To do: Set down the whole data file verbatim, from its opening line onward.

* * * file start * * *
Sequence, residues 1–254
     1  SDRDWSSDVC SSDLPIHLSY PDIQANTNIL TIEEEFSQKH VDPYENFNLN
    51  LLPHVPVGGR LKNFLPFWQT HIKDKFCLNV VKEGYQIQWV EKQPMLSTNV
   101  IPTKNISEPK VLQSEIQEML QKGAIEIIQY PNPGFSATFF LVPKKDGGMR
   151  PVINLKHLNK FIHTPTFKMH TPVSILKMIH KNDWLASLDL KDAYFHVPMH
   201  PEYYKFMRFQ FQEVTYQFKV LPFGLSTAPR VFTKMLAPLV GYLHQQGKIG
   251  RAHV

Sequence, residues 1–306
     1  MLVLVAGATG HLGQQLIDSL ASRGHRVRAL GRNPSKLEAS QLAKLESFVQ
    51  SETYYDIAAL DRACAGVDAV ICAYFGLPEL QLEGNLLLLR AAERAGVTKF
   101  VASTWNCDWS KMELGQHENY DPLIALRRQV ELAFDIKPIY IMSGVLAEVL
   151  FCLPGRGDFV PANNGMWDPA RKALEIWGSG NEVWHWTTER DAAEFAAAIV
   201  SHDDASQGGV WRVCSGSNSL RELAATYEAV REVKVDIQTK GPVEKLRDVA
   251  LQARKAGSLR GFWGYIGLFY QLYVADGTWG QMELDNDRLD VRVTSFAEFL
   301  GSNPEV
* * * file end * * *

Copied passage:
Sequence, residues 1–254
     1  SDRDWSSDVC SSDLPIHLSY PDIQANTNIL TIEEEFSQKH VDPYENFNLN
    51  LLPHVPVGGR LKNFLPFWQT HIKDKFCLNV VKEGYQIQWV EKQPMLSTNV
   101  IPTKNISEPK VLQSEIQEML QKGAIEIIQY PNPGFSATFF LVPKKDGGMR
   151  PVINLKHLNK FIHTPTFKMH TPVSILKMIH KNDWLASLDL KDAYFHVPMH
   201  PEYYKFMRFQ FQEVTYQFKV LPFGLSTAPR VFTKMLAPLV GYLHQQGKIG
   251  RAHV

Sequence, residues 1–306
     1  MLVLVAGATG HLGQQLIDSL ASRGHRVRAL GRNPSKLEAS QLAKLESFVQ
    51  SETYYDIAAL DRACAGVDAV ICAYFGLPEL QLEGNLLLLR AAERAGVTKF
   101  VASTWNCDWS KMELGQHENY DPLIALRRQV ELAFDIKPIY IMSGVLAEVL
   151  FCLPGRGDFV PANNGMWDPA RKALEIWGSG NEVWHWTTER DAAEFAAAIV
   201  SHDDASQGGV WRVCSGSNSL RELAATYEAV REVKVDIQTK GPVEKLRDVA
   251  LQARKAGSLR GFWGYIGLFY QLYVADGTWG QMELDNDRLD VRVTSFAEFL
   301  GSNPEV